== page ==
Bussers and runners also don’t directly receive tips. However, in several establishments, servers will tip out a percentage of their tips to their colleagues since their teamwork allows the restaurant to run smoothly.

So bussers and runners will receive some tips, but the bulk of their salary comes from their hourly wages.

Many businesses also use tip pooling — the practice of pooling the tips everyone receives and distributing them:

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Restaurant server job responsibilities

So what do servers do exactly?

Since a server’s job is to make the customer experience positive and memorable, they’re responsible for taking their orders and making suggestions when needed.

Server responsibilities also include, but aren’t limited to:

  • Greeting customers and providing them with menus

  • Taking food and drink orders

  • Providing food orders to the kitchen so they can start food preparation

  • Giving drink orders to the bar staff so they can prepare drinks

  • Keeping customers’ tables tidy at all times

  • Answering questions about menu items and taking requests from customers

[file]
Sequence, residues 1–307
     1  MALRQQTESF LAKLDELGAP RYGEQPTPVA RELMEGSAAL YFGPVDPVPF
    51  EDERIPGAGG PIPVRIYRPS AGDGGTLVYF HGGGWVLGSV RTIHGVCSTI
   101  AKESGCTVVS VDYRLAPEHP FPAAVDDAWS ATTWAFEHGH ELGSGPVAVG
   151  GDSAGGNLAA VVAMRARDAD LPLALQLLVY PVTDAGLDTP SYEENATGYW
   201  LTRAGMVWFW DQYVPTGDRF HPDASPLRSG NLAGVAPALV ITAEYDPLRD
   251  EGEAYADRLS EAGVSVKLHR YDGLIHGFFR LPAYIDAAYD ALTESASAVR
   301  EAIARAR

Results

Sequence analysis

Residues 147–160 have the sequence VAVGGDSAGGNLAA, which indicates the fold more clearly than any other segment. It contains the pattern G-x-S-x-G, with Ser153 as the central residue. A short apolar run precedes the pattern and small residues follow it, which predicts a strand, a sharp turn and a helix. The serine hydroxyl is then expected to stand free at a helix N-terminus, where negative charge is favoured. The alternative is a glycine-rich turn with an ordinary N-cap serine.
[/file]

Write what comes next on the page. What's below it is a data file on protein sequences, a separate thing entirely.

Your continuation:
• Checking in on customers periodically to ensure their experience is going smoothly

  • Cooperating with runners, bussers, and kitchen staff

  • Delivering the check and collecting payment from customers via cash, debit, or credit cards

  • Providing an all-around excellent customer service

  • Using a point-of-sale system (POS system) to manage tables and orders

What qualities make a great server?

A great server will need effective communication skills. They’ll also need a positive attitude and good interpersonal skills since they're representing the restaurant, cafe, or bar they work for. Good all-around customer service skills are also an important asset.

Good servers also need to be able to work under pressure and have great organizational skills. During rush periods, restaurants can become fast-paced environments for the staff. Servers need to be able to keep their composure and positive mood while waiting on guests.

Finally, servers need a good memory. It’s important that they remember which person ordered what meal and drinks. They also need to juggle requests from several tables at once, which can make orders difficult to remember.

Server job qualification requirements